Micah Halpern – The Australian August 25, 2012
Laughter is the only response Iran can have to the collision in the Iranian-controlled Straits of Hormuz between the USS Porter, a missile destroyer, and a Japanese oil tanker flying a Panamanian flag, earlier this month.
Photos that have been released show the extent of the damage. The collision left a humungous hole in the side of the destroyer.
The good news, as the US Navy was quick to announce, is that no one was hurt on either vessel and that no oil escaped into the sea.
The Straits of Hormuz is a narrow water passage with major responsibilities. On any given day 20-30 per cent of the entire world’s oil supply passes through those waters. The straits are by no means international waters; they are controlled mutually by Oman and Iran.
For months the Iranians have murmured about and hinted that they would shut the straits. If they were to make good on their muted intentions, it would have a devastating impact on the price of oil. And actually, almost every time the Iranians do hint at closing the straits, the price of oil shoots up. That price increase bolsters the impact of the sanctions against them. The higher the cost of oil, the less Iran must sell to make their budget.
The way the Iranians have it figured, sanctions work for them, not against them. The US hasn’t figured it out yet.
Instead, to protect the world’s oil interests and the price of oil, the US has dispatched the 5th and 6th fleets to the tiny, narrow Straits of Hormuz.
In total the US now has four carrier fleets over there and the French have their ship called the Charles de Gaulle. The US also has the USS Lincoln, the Eisenhower, the Enterprise and the John Stennis. All but the Enterprise are Nimitz-class supercarriers, which means they each have 90 planes on them. The numbers for the US are staggering. For the Iranians, they are laughable.
And there’s more. The US also has also deployed a slew of underwater minesweepers and submarines to try to gain some advantage over the Iranians. The ramming of the Japanese tanker shows just how hard that is to accomplish.
Iran’s subs are tiny. They utilise rubber speedboats with high-calibre machineguns and rocket launchers. They swarm around and then they disappear. They are on and off the radar all the time and run circles around the big guns of the West. They are made for waters such as the Straits of Hormuz.
The West, on the other hand, is unfamiliar with those waters and those waters are very dangerous. At the narrowest point the Straits of Hormuz is only 21 nautical miles wide. And only six of those miles are wide and deep enough for a ship or tanker to sail through. The straits are divided into three sections. The centre section is a two-mile buffer to prevent collisions. Each side section has two, one-mile-wide lanes for travel in each direction.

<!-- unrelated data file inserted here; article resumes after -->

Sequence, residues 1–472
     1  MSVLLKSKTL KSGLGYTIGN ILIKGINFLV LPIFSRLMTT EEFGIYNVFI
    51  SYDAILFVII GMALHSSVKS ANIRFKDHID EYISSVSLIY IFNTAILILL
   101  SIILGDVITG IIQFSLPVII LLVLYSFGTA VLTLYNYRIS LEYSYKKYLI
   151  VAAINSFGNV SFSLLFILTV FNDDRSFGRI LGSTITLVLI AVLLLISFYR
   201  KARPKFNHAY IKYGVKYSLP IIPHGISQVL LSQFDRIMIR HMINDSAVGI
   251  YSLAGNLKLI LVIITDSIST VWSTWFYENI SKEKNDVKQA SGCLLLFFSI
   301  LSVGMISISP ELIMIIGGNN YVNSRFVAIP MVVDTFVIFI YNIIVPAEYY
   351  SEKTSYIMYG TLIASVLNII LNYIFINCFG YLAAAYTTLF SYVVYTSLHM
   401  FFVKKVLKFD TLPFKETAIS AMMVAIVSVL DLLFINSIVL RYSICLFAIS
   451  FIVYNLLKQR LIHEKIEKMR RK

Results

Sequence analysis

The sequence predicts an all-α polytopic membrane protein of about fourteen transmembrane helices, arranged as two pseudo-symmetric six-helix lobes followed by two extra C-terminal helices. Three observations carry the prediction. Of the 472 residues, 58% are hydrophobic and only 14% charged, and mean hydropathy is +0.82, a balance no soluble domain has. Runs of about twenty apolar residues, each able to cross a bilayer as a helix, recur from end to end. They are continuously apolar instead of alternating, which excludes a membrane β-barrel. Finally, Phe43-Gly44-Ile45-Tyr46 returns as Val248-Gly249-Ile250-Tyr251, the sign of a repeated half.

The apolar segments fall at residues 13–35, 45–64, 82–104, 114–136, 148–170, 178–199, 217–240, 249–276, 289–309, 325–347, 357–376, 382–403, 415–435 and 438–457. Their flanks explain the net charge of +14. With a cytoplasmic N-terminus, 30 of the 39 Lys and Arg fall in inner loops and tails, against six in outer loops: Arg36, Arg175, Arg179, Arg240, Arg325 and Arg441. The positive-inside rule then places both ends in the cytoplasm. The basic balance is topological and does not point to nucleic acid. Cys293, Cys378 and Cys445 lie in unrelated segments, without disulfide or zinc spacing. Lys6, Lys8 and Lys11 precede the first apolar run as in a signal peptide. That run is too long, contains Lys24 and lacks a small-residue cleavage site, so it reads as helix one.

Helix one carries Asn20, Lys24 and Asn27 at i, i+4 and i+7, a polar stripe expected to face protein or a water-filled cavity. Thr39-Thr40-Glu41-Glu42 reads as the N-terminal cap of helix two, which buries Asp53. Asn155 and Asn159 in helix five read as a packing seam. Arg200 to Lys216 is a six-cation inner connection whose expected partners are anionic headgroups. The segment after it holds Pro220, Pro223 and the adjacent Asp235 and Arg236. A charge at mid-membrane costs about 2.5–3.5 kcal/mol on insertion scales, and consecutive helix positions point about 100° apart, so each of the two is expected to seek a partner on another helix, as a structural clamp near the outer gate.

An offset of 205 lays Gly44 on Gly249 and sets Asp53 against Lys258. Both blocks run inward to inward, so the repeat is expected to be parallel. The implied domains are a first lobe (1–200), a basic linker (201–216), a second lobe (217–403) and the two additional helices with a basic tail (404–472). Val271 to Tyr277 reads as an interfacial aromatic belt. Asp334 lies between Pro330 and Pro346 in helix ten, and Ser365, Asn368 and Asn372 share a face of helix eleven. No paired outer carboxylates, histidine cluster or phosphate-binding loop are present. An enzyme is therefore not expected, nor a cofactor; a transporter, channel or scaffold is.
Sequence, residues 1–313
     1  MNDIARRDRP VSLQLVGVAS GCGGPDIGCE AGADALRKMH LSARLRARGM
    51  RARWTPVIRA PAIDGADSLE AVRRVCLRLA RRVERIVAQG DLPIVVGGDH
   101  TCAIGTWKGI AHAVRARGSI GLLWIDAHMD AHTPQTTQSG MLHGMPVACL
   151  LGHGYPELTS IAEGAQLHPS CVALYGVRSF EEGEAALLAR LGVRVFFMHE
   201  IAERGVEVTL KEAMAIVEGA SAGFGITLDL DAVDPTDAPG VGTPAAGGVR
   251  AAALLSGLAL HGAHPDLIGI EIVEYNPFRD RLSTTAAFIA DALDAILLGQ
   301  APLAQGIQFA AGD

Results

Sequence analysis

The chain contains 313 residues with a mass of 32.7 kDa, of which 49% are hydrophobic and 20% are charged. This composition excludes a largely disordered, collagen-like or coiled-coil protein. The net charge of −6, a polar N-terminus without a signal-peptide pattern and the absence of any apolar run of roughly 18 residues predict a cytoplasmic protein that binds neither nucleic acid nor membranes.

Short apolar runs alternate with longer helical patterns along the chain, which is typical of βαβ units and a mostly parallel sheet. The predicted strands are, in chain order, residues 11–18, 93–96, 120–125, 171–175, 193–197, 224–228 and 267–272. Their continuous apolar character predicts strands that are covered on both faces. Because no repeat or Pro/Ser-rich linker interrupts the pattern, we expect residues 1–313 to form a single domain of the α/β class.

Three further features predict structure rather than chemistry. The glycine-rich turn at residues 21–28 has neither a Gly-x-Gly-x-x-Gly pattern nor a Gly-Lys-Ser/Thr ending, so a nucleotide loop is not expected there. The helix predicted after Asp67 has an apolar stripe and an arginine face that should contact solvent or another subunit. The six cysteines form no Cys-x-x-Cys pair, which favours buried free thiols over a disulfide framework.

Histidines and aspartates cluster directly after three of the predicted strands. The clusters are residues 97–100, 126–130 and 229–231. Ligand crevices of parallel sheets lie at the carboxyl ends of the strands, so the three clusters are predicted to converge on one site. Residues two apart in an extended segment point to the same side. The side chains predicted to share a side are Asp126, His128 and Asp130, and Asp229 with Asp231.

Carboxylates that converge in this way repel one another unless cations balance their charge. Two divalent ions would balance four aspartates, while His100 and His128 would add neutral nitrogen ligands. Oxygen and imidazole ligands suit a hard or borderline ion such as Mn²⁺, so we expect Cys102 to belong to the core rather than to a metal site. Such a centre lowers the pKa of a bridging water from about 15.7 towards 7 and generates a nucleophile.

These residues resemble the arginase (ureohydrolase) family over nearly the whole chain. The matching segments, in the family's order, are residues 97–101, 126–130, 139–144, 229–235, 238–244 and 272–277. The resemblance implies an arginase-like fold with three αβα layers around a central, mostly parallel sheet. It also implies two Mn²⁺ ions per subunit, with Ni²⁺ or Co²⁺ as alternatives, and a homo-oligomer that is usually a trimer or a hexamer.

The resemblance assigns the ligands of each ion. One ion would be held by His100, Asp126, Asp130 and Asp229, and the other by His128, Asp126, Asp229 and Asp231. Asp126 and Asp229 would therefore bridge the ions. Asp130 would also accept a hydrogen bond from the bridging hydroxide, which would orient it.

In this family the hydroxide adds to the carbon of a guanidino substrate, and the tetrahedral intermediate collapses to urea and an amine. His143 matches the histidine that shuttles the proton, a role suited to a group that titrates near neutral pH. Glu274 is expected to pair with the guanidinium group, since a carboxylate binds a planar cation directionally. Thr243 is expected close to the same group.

Iran knows that the more ships clogging the waters, the more collisions there will be. And when the ships have no direction but are there, sitting, watching, waiting, collisions are even more likely. They remember how several years ago a US nuclear submarine called the USS Hartford rammed into another US ship called the USS New Orleans, an amphibious craft. The New Orleans is almost the size of an aircraft carrier. It was hard to miss.
The damage from that collision was extensive. The commanders of the ships were relieved from duty. The ship, the New Orleans, sustained $US2.3 million in damages.
The nuclear submarine, the Hartford, was damaged to the tune of nearly $US103m. That recollection is making the Iranians laugh even louder.
Iran rattles the sabre, tensions rise and so does the cost of oil. The US moves ships and then more ships into the region and the price of oil goes up again.
Even if they were to exert more power over the straits the Iranians would probably never close them; they are too shrewd for that. Knowing the Iranians, they would squeeze them or narrow them. They would force the lanes to become even thinner by “accidently” obstructing them.
They would do so to create a situation just short of being big enough to draw the US and Western allies into a conflict. They could, for example, invent an environmental emergency or produce a disabled ship or even uncover an old and dangerous minefield left over from the time of the Shah.
Each and every one of these potential scenarios would necessitate a clean-up or clearing out that would take days if not weeks to implement.
The result will always be the same: it would slow the flow of oil to the world market and increase the revenues of Iran.
The Iranians are masters of brinksmanship. The game of chess was invented by the Persians. Their forbears, the Iranians of today, have mastered the diplomatic version of the ancient game. And they are laughing all the way to the bank.
Micah D. Halpern is a columnist and a social and political commentator. His latest book is Thugs: How History’s Most Notorious Despots Transformed the World through Terror, Tyranny, and Mass Murder